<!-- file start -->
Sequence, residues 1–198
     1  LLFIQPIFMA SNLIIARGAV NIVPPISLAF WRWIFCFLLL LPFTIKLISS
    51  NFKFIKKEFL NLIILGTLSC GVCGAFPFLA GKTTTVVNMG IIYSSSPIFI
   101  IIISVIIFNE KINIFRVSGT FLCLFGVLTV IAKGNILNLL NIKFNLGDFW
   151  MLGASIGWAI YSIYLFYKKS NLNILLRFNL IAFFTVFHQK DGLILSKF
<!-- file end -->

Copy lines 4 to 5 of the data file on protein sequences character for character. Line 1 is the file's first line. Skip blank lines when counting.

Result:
   101  IIISVIIFNE KINIFRVSGT FLCLFGVLTV IAKGNILNLL NIKFNLGDFW
   151  MLGASIGWAI YSIYLFYKKS NLNILLRFNL IAFFTVFHQK DGLILSKF